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Bug Off!

Keep pests at bay the natural way

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If your home feels like a giant Roach Motel, it’s tempting to

reach for the Raid and call it a night. After all, bugs can be

real pests: They eat through your pantry, clothes, and home,

and can bite, sting, and even spread disease.

But many pesticides contain ingredients you should avoid.

According to Andrew Lopez, author of Natural Pest Control

and founder of
, synthetic ingredients

in many bug sprays don’t break down readily, so they can

linger, harming the environment beyond their initial target.

Lopez’s rule? “If you can’t pronounce it, don’t buy it.”

Permethrin, for example, is a synthetic chemical found

in many flea dips, termite solutions, and insect-resistant

clothing. While it kills bugs, it’s also toxic to fish.

Or take DEET, the chemical found in most insect repellents.

The Environmental Protection Agency (EPA) considers

products containing DEET safe and effective “when applied

according to the instructions on the label,” but the agency

recommends a host of discomfiting precautions for their use:

avoiding eyes, mouth, ears, cuts, and irritated skin; not letting

kids apply it; using low concentrations only where sleeves, socks, and pants can’t reach; and washing it off once you’re back indoors.

Even boric acid, common in insecticides,

isn’t as harmless as you might think. While it occurs naturally in the environment and the EPA calls it a

minimal risk to birds, fi sh, and wildlife,

it is mildly toxic to people and pets if

ingested. And if you’re more interested in

deterring than destroying, know that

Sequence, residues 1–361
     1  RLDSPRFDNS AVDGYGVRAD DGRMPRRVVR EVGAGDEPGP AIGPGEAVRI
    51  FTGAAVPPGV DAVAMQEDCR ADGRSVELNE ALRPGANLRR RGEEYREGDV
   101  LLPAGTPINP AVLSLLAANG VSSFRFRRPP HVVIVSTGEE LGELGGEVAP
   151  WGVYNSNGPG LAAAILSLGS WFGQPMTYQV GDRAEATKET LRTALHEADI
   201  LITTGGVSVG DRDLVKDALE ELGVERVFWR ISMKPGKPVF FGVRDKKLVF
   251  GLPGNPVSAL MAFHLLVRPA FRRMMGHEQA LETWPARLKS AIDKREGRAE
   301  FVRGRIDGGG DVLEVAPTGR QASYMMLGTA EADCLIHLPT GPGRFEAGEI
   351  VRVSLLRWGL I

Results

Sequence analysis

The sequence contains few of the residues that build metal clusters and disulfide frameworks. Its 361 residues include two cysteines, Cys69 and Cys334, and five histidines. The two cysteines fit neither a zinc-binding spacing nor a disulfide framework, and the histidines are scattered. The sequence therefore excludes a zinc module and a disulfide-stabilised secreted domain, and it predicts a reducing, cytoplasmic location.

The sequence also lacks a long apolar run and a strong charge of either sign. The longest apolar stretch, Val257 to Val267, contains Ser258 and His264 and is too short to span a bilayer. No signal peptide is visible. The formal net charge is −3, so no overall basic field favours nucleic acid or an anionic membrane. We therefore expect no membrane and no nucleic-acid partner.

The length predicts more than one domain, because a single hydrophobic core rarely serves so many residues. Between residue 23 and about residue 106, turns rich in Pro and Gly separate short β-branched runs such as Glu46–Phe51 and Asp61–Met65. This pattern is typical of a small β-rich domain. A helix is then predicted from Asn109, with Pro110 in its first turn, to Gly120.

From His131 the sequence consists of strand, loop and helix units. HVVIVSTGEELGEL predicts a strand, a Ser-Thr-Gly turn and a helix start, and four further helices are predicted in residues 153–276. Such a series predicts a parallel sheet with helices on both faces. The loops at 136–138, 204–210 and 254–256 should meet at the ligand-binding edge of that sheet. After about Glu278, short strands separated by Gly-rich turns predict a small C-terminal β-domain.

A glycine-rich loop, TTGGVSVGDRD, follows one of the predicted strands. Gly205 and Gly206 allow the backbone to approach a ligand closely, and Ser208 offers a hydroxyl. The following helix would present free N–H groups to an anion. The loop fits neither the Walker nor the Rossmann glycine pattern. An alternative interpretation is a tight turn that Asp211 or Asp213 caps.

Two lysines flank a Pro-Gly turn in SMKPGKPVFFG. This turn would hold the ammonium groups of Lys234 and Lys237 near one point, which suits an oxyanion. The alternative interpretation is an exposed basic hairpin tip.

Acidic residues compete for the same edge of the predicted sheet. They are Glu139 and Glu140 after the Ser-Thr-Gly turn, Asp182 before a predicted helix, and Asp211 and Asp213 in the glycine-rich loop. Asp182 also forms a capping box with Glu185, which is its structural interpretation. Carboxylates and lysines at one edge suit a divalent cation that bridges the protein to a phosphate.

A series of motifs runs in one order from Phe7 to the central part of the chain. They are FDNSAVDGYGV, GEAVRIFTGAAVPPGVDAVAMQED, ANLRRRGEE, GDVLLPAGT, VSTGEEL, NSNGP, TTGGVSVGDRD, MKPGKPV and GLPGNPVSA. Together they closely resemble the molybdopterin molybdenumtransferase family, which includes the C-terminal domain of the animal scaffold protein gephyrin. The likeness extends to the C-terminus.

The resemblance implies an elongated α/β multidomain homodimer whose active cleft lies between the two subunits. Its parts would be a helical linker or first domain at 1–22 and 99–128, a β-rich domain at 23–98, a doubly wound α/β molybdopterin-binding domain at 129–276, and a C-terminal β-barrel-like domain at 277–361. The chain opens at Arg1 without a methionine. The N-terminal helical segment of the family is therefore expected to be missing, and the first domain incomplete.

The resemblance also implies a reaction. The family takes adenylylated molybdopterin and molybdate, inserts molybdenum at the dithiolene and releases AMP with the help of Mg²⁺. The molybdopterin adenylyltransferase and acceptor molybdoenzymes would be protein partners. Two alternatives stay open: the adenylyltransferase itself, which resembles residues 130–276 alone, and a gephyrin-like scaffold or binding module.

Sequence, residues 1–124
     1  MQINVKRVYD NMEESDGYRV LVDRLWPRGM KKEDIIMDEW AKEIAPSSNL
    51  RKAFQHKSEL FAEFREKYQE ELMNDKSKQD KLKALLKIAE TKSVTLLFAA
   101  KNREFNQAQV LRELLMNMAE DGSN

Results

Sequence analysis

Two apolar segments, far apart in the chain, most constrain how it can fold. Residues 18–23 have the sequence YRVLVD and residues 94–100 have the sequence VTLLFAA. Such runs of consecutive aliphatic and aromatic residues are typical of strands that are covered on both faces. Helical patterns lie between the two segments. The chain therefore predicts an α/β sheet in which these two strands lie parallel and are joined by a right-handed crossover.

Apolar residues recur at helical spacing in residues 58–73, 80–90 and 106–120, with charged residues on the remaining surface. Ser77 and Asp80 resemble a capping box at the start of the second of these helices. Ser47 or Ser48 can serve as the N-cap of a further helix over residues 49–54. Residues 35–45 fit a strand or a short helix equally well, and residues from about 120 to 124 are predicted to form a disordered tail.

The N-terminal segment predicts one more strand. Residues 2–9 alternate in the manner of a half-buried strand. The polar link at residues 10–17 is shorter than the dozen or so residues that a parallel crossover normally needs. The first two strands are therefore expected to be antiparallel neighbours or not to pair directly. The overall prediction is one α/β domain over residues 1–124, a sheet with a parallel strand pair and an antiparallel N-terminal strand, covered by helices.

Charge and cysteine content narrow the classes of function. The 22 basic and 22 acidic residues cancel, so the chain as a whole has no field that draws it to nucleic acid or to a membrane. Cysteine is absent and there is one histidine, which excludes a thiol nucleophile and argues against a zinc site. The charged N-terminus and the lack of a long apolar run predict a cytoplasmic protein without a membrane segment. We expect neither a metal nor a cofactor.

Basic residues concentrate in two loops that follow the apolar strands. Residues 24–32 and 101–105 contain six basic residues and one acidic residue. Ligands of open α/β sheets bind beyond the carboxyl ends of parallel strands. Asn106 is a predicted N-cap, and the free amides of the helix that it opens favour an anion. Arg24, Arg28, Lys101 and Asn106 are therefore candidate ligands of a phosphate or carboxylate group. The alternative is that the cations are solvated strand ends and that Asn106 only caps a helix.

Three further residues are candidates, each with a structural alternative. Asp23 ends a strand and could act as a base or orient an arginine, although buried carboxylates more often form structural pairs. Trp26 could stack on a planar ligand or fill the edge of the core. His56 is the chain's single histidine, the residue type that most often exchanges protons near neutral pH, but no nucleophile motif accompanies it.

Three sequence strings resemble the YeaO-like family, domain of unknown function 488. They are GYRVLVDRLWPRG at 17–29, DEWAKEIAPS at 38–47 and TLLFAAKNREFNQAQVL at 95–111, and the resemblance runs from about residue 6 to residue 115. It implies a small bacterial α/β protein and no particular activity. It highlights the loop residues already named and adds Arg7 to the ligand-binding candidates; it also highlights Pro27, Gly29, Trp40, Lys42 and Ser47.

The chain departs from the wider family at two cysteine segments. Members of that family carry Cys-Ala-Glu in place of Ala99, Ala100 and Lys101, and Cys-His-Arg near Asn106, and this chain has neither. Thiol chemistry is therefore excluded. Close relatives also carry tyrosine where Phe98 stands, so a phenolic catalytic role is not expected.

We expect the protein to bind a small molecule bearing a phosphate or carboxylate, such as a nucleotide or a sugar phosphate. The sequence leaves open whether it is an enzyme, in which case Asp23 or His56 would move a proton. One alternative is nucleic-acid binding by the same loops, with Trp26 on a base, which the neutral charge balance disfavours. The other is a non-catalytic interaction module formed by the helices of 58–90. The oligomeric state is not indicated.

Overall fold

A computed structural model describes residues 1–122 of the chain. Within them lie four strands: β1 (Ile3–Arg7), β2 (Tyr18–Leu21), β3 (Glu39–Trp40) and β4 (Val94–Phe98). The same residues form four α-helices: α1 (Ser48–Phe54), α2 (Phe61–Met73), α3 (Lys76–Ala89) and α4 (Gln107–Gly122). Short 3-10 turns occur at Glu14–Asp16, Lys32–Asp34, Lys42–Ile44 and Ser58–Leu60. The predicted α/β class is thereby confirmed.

boric acid kills insects rather than simply

keeping them away.

So how can you stop bugs from

bugging you? For general pest control,

Lopez recommends buying essential oils

from health food stores or catalog

retailers like Arbico

( or Peaceful Valley Farm & Garden

Supply ( “Pick your

creature—hard shell, soft shell, you

name it—essential oils will work for all

of them,” he says. But they aren’t the

only weapon in your natural bug control

arsenal. Here, a guide to the safest ways

to control all kinds of creepy crawlies.


Myles H. Bader, DrPH, author of 1,001
All-Natural Secrets to a Pest-Free Property,

suggests placing fresh, whole bay leaves

in drawers, cupboards, flour containers—wherever you see ants. He also

recommends cinnamon, ground cayenne

pepper, baby powder, garlic, or crushed

mint; place any of these in ants’ paths,

and they won’t cross them.


To keep your pets flea free, Diane Gow

McDilda, author of The Everything Green

Living Book
, advises putting dishes of

soapy water under warm lights to catch

the critters. As you brush fleas out of

your pet’s fur, dip the comb in a bowl of

soapy water to trap them. To combat an

infestation, says Ellen Sandbeck, author

of Green Housekeeping, sprinkle salt on

carpets and vacuum daily. Be sure to

empty your vacuum bag thoroughly each

time—fleas can survive being vacuumed

up and may hop out of the bag and back